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Bill to ensure ‘minimum safety levels’ during industrial action being introduced

The Government will introduce new legislation to Parliament on Tuesday for “minimum safety levels” during industrial action.

The Bill would ensure vital public services maintain a “basic function” when workers go on strike, the Business Department previously said.

Business Secretary Grant Shapps has said the legislation will demonstrate “life and limb must come first” when strike action takes place.

He told GB News: “We don’t really ever want to have to use that legislation.”

The proposals have sparked threats of legal challenges, while Labour has said it would likely repeal the legislation.

The introduction of the Bill comes a day after crisis talks between ministers and unions failed to resolve industrial disputes involving nurses, teachers and rail workers.

Health Secretary Steve Barclay is considering backdating next year’s NHS staff pay increase as part of efforts to prevent further strikes, several reports have suggested.

NHS crisis
Health Secretary Steve Barclay spoke in the Commons following his meeting with union officials on Monday (Andy Bailey/UK Parliament/PA)

Mr Barclay used a meeting with health unions on Monday to suggest that improvements in efficiency and productivity within the health service could “unlock additional funding” to lead to an increased offer for the 2023/24 pay settlement in the spring.

Sara Gorton, head of health at Unison, said there had been an “acknowledgement” from the Health Secretary during the talks that avoiding strikes over next year’s pay settlement would “involve a reach-back” into the current pay year.

It raises the prospect that the pay deal for 2023/24, which is due to be agreed in time for April, could be backdated and applied to the final quarter of the 2022/23 financial year.

Ms Gorton said the discussion represented a “tone change” from the UK Government, with pay discussions firmly on the table after months of ministers refusing to budge beyond what had been recommended by the independent pay review bodies.

Speaking to BBC Radio 4’s PM programme, the Unison official said: “There was an acknowledgement from the Secretary of State (Steve Barclay) that, to use his words, any resolution to the dispute now, or preventing further disputes for next year’s pay, would involve a reach-back into the current pay year.”

Unions said there was no “tangible offer” made, however, with Ms Gorton calling for “cold hard cash” to be offered so members can be consulted over ceasing industrial action.

Multiple reports have suggested that unions put forward the call for the 2023/24 pay deal to be backdated to January in order to create a bigger uplift for 2022/23.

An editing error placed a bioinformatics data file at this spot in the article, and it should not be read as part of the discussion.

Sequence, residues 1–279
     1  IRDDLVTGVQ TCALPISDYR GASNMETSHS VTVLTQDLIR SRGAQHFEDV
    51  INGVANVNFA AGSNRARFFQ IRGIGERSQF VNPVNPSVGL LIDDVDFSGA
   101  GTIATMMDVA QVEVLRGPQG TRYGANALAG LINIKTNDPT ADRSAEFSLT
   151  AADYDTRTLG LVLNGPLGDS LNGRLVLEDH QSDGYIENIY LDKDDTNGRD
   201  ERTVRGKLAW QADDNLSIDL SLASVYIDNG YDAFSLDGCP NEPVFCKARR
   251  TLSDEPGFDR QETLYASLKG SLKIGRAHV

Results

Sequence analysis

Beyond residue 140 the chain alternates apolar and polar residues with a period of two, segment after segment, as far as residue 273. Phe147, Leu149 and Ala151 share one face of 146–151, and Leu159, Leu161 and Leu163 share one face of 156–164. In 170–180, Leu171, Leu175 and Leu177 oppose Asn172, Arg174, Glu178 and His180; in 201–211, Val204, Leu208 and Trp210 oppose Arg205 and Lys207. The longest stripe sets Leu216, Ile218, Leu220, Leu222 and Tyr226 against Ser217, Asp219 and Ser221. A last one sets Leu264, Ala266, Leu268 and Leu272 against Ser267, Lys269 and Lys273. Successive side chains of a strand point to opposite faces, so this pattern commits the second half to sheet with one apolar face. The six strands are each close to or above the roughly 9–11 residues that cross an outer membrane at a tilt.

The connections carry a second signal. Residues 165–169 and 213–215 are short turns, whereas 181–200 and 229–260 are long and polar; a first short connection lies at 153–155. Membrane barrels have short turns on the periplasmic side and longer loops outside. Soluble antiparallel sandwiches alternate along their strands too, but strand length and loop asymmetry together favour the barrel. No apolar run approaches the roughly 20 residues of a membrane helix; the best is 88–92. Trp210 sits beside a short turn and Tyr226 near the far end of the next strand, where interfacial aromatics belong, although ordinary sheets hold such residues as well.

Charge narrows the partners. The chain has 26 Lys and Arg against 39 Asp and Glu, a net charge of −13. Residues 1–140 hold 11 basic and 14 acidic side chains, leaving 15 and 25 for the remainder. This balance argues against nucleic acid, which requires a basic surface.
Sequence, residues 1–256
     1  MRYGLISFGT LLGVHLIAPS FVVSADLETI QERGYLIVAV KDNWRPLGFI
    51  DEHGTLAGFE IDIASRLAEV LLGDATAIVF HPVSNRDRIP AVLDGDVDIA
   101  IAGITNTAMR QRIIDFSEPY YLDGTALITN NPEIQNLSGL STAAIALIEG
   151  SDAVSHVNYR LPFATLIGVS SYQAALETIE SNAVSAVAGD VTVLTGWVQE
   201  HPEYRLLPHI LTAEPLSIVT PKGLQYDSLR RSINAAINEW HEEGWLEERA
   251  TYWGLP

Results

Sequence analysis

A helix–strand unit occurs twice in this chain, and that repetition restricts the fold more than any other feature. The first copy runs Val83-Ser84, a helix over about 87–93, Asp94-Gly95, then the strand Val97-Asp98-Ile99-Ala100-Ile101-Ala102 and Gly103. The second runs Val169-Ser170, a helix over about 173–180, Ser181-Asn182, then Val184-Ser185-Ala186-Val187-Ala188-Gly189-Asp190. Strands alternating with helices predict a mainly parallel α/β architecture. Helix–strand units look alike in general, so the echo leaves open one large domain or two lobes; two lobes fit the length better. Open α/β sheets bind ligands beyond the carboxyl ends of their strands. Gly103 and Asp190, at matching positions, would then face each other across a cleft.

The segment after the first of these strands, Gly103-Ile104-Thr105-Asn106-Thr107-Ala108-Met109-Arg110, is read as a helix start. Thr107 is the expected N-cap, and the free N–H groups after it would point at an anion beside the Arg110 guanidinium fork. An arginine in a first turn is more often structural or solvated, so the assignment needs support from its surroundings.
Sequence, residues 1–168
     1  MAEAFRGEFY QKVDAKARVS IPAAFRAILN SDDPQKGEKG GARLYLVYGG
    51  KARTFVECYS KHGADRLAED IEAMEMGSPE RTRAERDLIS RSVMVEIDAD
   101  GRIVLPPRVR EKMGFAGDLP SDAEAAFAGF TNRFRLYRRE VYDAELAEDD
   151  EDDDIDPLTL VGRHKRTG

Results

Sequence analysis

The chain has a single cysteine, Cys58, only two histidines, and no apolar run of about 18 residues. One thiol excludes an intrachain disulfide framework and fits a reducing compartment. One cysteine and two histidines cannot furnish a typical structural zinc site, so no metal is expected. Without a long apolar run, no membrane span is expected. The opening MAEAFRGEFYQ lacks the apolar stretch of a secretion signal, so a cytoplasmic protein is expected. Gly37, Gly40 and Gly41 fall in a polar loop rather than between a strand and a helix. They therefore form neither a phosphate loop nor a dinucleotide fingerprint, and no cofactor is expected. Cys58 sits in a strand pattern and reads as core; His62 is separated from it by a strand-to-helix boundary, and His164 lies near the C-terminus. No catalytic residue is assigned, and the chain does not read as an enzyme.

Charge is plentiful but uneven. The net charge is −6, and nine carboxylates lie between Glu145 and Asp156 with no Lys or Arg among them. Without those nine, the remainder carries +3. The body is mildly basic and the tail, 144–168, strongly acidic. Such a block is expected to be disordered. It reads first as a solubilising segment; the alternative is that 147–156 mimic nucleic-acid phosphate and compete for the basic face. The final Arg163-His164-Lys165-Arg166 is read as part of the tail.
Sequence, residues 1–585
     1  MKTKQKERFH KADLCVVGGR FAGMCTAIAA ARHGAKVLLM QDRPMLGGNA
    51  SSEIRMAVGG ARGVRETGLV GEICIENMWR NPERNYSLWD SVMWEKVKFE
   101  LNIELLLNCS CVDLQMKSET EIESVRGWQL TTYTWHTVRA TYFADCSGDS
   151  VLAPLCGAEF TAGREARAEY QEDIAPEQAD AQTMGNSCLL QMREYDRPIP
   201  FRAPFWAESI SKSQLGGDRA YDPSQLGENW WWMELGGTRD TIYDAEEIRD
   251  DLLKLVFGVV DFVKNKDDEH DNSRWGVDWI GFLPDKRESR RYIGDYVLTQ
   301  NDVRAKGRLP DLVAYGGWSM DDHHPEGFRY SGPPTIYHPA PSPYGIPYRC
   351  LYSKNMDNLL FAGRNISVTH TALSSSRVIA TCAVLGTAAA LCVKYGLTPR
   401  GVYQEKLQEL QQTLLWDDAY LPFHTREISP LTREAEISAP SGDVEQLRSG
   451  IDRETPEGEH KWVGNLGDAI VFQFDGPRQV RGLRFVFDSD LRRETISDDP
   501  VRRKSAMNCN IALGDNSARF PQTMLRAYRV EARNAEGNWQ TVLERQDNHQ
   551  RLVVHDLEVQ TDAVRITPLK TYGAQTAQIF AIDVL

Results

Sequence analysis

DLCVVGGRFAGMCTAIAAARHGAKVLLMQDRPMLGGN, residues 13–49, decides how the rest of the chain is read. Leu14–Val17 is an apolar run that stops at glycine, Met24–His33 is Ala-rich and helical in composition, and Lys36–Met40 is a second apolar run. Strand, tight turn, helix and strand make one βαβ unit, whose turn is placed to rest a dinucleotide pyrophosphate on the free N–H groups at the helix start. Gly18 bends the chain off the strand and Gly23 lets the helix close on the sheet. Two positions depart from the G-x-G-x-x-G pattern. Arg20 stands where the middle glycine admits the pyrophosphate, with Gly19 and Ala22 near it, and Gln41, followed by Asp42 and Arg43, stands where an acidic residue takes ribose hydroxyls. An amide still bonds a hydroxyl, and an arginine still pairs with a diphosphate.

The Daily Telegraph, citing a source close to Mr Barclay, said the Health Secretary had “agreed to consider both this idea and proposals for a one-off payment”.

On the issue of a one-off payment, an ally of Mr Barclay said he had “listened to what (they) had to say and agreed to take it away”.

Unison general secretary Christina McAnea, asked on BBC’s Newsnight whether a backdated pay offer was something she recognised, said: “That hasn’t been put to us.

“All of it would have to depend on what the actual figures were like when you take them over a year.

“If we were talking about a fairly low sum for 2023/24 and that being backdated, then no, I don’t think it would be enough.”

The Government had previously refused to discuss wages for nurses and other public-sector workers, insisting those were matters for the independent pay review bodies, but over the weekend Mr Sunak hinted at movement.

While there were positive noises about the talks in some quarters, other unions were incensed by the lack of perceived progress.

The Royal College of Nursing (RCN) and Unite criticised the meeting with Mr Barclay, accusing ministers of “intransigence”.

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The discussions in Whitehall were not enough to prevent the likelihood of further strikes in the health sector.

Physiotherapists also said they would be announcing industrial action dates later this week despite the talks while the GMB union said ambulance strikes would go ahead as planned on Wednesday.

On Tuesday, the Educational Institute of Scotland (EIS) union will stage a strike in primary schools, special schools and early years sites, the DVSA driving examiners’ strike continues in London, the South East, South Wales and the South West, Rural Payments Agency (RPA) continue their walkout and London bus workers at Abellio go on strike.

On Monday it was not only health officials meeting with ministers, with Westminster hosting a series of cross-sector talks as the UK Government grapples with industrial action in the face of high inflation.

Teaching unions met Education Secretary Gillian Keegan ahead of announcements this week over whether their members will go on strike.

Mary Bousted, joint general secretary of the National Education Union (NEU), urged ministers to come forward with “real and concrete proposals very quickly” to avoid possible strike action this year.

Rail minister Huw Merriman called in train workers after sustained action crippled services, with only one in five trains running between Tuesday and Saturday.

RMT general secretary Mick Lynch dodged questions about progress in rail talks but said that further discussions would take place.